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Model-theoretic frameworks for nonstandard methods entail the existence of nonprincipal ultrafilters over $\mathbb{N}$, a strong version of the Axiom of Choice ($\mathbf{AC}$). While $\mathbf{AC}$ is instrumental in many abstract areas of mathematics, such as general topology or functional analysis, its use in infinitesimal calculus or number theory should not be necessary.

In [1], Mikhail Katz and I have formulated a set theory $\mathbf{SPOT}$ in the $\mathbf{st}$-$\in$-language. The theory has three simple axioms, Transfer, Nontriviality and Standard Part. It is a subtheory of the nonstandard set theories $\mathbf{IST}$ and $\mathbf{HST}$, but unlike them, it is a conservative extension of $\mathbf{ZF}$. Arguments carried out in $\mathbf{SPOT}$ thus do not depend on any form of $\mathbf{AC}$. Infinitesimal calculus can be developed in $\mathbf{SPOT}$ as far as the global version of Peano's Theorem (the usual proofs of which use $\mathbf{ADC}$, the Axiom of Dependent Choice). The existence of upper Banach densities can be proved in $\mathbf{SPOT}$. The conservativity of $\mathbf{SPOT}$ over $\mathbf{ZF}$ is established by a construction that combines and extends the methods of forcing developed by A. Enayat and M. Spector.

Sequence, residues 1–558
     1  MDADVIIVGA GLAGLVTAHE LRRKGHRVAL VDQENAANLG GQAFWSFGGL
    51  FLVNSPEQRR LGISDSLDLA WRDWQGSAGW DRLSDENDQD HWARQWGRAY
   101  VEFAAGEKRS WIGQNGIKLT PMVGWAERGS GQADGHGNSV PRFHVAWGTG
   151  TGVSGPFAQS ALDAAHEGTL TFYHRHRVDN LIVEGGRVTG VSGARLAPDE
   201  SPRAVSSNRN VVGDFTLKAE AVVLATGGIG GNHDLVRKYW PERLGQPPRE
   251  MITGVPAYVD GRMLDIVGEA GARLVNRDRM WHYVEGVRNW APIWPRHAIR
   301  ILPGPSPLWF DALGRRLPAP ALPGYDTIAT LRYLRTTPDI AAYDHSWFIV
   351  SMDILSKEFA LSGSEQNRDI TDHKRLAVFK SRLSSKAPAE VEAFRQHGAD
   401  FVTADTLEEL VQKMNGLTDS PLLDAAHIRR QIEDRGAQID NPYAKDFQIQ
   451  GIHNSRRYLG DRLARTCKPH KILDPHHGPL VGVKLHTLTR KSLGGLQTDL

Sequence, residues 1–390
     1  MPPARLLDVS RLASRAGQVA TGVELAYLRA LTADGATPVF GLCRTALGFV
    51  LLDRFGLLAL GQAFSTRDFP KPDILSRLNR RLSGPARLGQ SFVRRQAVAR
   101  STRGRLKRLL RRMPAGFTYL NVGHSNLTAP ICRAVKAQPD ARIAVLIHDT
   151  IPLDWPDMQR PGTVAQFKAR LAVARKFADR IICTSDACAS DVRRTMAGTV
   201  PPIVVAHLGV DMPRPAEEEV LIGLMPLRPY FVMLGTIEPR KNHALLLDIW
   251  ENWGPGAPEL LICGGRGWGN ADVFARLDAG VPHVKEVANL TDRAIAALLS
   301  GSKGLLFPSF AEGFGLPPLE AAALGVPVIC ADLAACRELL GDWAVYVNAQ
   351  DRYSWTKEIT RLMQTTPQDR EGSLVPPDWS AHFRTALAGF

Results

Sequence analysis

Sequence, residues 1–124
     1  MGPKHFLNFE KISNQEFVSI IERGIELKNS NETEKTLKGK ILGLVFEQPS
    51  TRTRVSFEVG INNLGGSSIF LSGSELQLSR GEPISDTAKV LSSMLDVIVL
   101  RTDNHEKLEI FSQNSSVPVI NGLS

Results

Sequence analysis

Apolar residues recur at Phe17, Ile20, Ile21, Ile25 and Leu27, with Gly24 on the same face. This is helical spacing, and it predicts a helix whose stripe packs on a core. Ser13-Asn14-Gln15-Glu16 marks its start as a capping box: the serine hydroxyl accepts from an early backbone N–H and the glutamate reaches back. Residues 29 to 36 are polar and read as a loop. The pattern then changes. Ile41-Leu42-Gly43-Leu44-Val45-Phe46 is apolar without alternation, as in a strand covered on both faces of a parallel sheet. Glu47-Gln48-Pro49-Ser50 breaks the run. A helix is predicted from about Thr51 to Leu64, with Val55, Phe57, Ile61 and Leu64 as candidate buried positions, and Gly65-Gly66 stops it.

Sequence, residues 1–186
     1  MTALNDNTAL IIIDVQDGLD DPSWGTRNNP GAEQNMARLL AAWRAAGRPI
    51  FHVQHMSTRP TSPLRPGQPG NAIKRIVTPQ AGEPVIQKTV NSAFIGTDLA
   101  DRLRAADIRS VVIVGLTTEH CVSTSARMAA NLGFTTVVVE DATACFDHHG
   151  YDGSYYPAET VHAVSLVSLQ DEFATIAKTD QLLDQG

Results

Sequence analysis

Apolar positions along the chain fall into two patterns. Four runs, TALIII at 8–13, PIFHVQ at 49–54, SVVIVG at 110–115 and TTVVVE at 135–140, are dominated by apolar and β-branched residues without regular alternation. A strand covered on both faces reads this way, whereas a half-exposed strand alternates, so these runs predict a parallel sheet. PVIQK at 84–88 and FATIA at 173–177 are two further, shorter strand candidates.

A stronger theory $\mathbf{SCOT}$ is a conservative extension of $\mathbf{ZF} + \mathbf{ADC}$. It is suitable for handling such features as an infinitesimal approach to the Lebesgue measure.

I will also explore the possibilities for extending these theories to multiple levels of standardness and the relevance of such extensions to infinitesimal calculus and R. Jin's proof of Szemerédi's Theorem.

[1] K. Hrbacek and M. G. Katz, Infinitesimal analysis without the Axiom of Choice, Ann. Pure Appl. Logic 172, 6 (2021).

https://doi.org/10.1016/j.apal.2021.102959

https://arxiv.org/abs/2009.04980